The New Zealand Government has just unveiled ‘the world’s most ambitious conservation project’: eliminating introduced predators such as rats, possums and stoats by 2050. But is it a realistic goal?
The Prime Minister John Key announced the target yesterday , starting off with with a new $28 million joint venture, Predator Free New Zealand Limited, which will sponsor community partnerships and pest eradication efforts around the country.
“This is the most ambitious conservation project attempted anywhere in the world, but we believe if we all work together as a country we can achieve it,” said Key.
“New Zealand is a world leader in conservation technology and research,” Science and Innovation Minister Steven Joyce says. “The Biological Heritage Challenge has an established network of scientists who are ready and willing to take on the Predator Free Challenge. For the first time technology is starting to make feasible what previously seemed like an unattainable dream.”
Predator Free New Zealand Limited will have a board of directors made up of government, private sector, and scientific players. The board’s job will be to work on each regional project with iwi and community conservation groups and attract $2 of private sector and local government funding for every $1 of government funding.
Four goals for 2025 have been set for the project:
-An additional 1 million hectares of land where pests have been suppressed or removed through Predator Free New Zealand partnerships
-Development of a scientific breakthrough capable of removing at least one small mammalian predator from New Zealand entirely
-Demonstrate areas of more than 20,000 hectares can be predator free without the use of fences
-Complete removal of all introduced predators from offshore island nature reserves
‘A reasonable goal’
The response from New Zealand conservation scientists has been one of cautious optimism. Here is a snapshot of the expert reaction collected by the Science Media Centre:
Dr James Russell, conservation biologist, University of Auckland:
“We’ve been part-way there for some time. Already nearly half our offshore islands are free of introduced mammalian predators, but these are only the smaller islands (10% of total area). It has taken us 50 years to arrive here, so 2050 seems a reasonable goal and matches our current scaling laws for eradication size.”
Doug Armstrong, Professor of Conservation Biology, Massey University:
“The goals seem good, including the general goal of eradicating rats, stoats and possums by 2050, but it is impossible to say whether this general goal is realistic at this stage. It is clearly feasible to eradicate these species from Stewart Island if there was sufficient public support to do this.”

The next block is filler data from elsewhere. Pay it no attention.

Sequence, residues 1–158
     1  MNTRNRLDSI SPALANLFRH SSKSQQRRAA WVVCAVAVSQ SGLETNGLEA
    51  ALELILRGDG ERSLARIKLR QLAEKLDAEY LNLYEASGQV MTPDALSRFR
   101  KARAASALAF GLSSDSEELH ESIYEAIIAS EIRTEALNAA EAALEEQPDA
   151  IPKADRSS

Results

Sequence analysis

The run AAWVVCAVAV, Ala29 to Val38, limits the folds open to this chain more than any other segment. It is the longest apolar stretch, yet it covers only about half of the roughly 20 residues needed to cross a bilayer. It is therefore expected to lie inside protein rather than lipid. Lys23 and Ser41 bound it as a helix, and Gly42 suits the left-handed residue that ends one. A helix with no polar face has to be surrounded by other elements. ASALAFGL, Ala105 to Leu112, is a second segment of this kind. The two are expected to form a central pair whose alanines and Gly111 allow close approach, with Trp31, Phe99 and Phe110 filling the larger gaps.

Dr Marie Brown, Senior Policy Analyst, Environmental Defence Society:
“This goal is pretty aspirational of course – but vision and audacity is a good thing in conservation. It engages people and makes the impossible possible. Much of what we achieved in conservation in the latter half of the twentieth century would have been inconceivable in the first.”
Dr Wayne Linklater, co-director Centre for Biodiversity and Restoration Ecology, Victoria University Wellington:
“There is evidence … that the political and logistical approach – marrying government, business and philanthropy – might be timely and powerful enough to achieve it.”
The price of predator free
Commenting on the total cost of reaching the Predator Free 2050 target, Dr Russell said:
“Without a clear idea of what the final knowledge advances are which will help us achieve Predator Free New Zealand, its hard to make a reliable costing, but certainly it will require a prolonged investment staged across multiple governments, but with the right economic model, the annual costs could be only a fraction of a percent of GDP.”
An analysis by Dr Russell and colleagues, published in the journal Bioscience earlier this year, gave a rough estimate of $9 billion for scaling up predator eradication efforts to a national level over 50 years, acknowledging the difficulties in costing out the scenario.
What about cats?
The definition of predator in the context of the 2050 goal does have a little wriggle room when it comes to domestic pets. When asked about the status of cats in the ambitious plan, Prime Minster John Key told the New Zealand Herald:
“Moonbeam [the Key family cat] is safe as a house. If you’re asking about feral cats on the DoC estate, their time is limited.
“They will be targeted. But in terms of the domestic moggie, then they’ll still have plenty of years in front of the fire.”
Featured image: Flickr / G =]